This second notebook has more "exotic" stuff from the first Jamie Oliver my library bought intertwined with Sanjeev Kapoor recipes. Then, because this notebook went travelling with me when I moved away from home, it has my first recipes copied from roommates and new friends.

One such recipe is podi, known affectionately as gunpowder. I am pretty sure podi means a generic chutney and comes in several forms, …

Have we talked about Cafe Britannia Yet

There are several reasons why Cafe Britannia doesn't automatically figure as my first pick of restaurants to talk about in Mumbai

1. They are tucked away in a corner of Ballard Estate, a rather long way from home.

2. They are open only for lunch; and they refuse to serve even that on sundays. Yes, on sundays they just stay at home!

3. They aren't big on service. As soon as you settle down in the ancient chairs set around checkered clothed, glass topped tables, they'd rather you order quickly from the small menu set below the glass. The food will show up quickly too, and then the menu clearly orders "Do not stay after you have paid the bill".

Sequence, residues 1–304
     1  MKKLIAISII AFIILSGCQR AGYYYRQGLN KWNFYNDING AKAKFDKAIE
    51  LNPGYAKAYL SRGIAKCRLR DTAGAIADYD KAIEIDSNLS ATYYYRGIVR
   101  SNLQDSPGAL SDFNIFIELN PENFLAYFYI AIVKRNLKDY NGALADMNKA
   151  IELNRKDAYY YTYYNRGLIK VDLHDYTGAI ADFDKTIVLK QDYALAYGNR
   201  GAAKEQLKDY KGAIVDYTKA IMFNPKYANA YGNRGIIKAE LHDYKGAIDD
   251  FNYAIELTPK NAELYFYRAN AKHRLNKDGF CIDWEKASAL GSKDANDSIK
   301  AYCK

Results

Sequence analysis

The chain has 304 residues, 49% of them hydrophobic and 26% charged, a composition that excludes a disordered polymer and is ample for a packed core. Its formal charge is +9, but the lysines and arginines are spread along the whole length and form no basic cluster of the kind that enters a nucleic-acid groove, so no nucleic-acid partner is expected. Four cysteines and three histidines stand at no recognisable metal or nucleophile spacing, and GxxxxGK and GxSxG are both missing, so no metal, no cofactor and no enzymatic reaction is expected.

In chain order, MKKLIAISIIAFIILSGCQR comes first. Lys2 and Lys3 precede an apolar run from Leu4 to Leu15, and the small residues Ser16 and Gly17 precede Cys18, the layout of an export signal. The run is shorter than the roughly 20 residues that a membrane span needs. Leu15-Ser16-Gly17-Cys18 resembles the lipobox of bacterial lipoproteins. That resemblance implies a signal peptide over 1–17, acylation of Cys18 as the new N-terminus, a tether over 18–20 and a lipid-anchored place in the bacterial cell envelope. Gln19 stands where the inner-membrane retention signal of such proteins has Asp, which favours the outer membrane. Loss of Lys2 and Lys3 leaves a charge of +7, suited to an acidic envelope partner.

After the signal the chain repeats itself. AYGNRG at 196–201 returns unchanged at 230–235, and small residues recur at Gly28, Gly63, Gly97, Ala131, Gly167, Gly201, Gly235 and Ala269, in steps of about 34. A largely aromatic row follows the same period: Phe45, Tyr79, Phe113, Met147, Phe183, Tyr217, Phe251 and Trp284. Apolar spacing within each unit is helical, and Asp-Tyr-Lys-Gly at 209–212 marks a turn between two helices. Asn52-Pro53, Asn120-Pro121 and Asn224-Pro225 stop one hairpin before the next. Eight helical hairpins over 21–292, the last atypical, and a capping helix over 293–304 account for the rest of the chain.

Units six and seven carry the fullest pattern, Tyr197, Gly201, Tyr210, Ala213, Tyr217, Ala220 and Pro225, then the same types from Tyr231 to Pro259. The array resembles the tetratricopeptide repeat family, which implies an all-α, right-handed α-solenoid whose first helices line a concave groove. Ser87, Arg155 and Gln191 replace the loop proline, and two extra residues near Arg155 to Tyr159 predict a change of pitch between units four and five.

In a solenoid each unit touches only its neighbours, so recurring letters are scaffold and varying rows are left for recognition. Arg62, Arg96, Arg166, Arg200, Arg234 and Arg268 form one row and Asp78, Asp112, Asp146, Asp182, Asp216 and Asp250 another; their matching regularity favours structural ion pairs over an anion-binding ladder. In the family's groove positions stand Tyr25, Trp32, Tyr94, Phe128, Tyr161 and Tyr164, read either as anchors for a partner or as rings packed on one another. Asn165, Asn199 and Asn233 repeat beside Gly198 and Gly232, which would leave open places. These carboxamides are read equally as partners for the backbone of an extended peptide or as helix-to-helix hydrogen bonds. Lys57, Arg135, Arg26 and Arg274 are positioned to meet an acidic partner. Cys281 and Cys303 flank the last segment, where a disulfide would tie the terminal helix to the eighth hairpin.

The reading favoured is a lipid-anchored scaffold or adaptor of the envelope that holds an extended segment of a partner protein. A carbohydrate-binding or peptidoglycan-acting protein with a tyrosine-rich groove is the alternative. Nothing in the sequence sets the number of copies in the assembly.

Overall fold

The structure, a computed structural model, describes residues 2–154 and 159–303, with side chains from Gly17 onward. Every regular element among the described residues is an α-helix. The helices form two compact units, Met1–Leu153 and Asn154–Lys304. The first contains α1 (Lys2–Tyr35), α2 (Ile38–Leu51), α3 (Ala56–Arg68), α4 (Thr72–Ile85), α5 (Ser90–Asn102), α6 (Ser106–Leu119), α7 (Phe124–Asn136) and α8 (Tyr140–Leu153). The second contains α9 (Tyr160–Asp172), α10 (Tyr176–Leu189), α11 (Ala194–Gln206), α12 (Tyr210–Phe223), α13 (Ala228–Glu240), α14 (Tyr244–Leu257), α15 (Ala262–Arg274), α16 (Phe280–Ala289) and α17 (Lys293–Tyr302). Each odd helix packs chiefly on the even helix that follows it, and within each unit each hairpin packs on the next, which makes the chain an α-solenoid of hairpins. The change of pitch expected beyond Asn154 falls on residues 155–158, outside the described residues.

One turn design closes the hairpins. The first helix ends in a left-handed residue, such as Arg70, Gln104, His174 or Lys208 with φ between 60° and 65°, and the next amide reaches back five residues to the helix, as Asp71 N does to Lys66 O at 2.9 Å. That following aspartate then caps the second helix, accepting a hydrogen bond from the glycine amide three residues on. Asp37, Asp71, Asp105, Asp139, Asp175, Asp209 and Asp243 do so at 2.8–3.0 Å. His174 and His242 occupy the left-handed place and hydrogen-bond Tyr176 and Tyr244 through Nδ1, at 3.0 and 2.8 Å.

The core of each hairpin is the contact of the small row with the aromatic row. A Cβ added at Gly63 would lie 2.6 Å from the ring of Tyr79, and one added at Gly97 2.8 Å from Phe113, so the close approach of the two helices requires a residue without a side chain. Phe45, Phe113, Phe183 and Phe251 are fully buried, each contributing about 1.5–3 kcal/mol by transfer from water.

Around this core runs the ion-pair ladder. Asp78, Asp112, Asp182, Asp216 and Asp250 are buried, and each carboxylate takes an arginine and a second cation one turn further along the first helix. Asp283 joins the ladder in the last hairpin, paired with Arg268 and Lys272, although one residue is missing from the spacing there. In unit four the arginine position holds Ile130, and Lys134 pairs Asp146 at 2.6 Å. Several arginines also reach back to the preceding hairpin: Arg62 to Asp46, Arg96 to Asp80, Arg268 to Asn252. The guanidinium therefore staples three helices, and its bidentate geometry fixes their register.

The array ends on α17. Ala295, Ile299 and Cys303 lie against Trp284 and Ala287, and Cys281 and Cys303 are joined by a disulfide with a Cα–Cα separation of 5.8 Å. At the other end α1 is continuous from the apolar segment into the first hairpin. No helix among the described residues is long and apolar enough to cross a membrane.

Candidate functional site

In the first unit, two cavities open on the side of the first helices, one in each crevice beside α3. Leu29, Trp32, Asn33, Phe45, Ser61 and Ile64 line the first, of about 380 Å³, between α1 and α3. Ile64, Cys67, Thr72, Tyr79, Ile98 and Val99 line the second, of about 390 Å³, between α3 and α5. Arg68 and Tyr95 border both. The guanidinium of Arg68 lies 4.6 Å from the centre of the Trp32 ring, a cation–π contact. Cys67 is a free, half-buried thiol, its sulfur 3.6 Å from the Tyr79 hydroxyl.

4. They don't believe in newfangled things like credit cards.

And yet, I knew we'd eventually get around to talking about this charming Parsi eatery. All for one reason : Berry Pulao. If you are a carnivore, you have parsi specialities like salli boti, patra fish and dhansak to pick from. But for a vegetarian, you on…

Found it!

It turns out my friend wasn't looking for pound cake at all. What finally met his approval as "THE CAKE" was this simplest loaf cake from Dorie Greenspan. At least, it started as Dorie's cake. Given the number of changes I made to the recipe, it's purely accidental it turned out to be as good as it did.

But there's no mistaking the fact it's incredibly simple. First off, I set my oven to preheat at 180C. Then, since I figured my silicone loaf pan could be a part of my previous cake problems, I lined the bottom and sides of a 7 inch metal cake pan with parchment.

My second problem, I reckoned, could have been the baking powder. If you are happy with the taste of commercial baking powder, by all means use that. I made my own by combining 2 parts cream of tartar with 1part baking soda. Sifted 2 tsp of this mix with 1 1/2 cup flour and 1/4 tsp salt.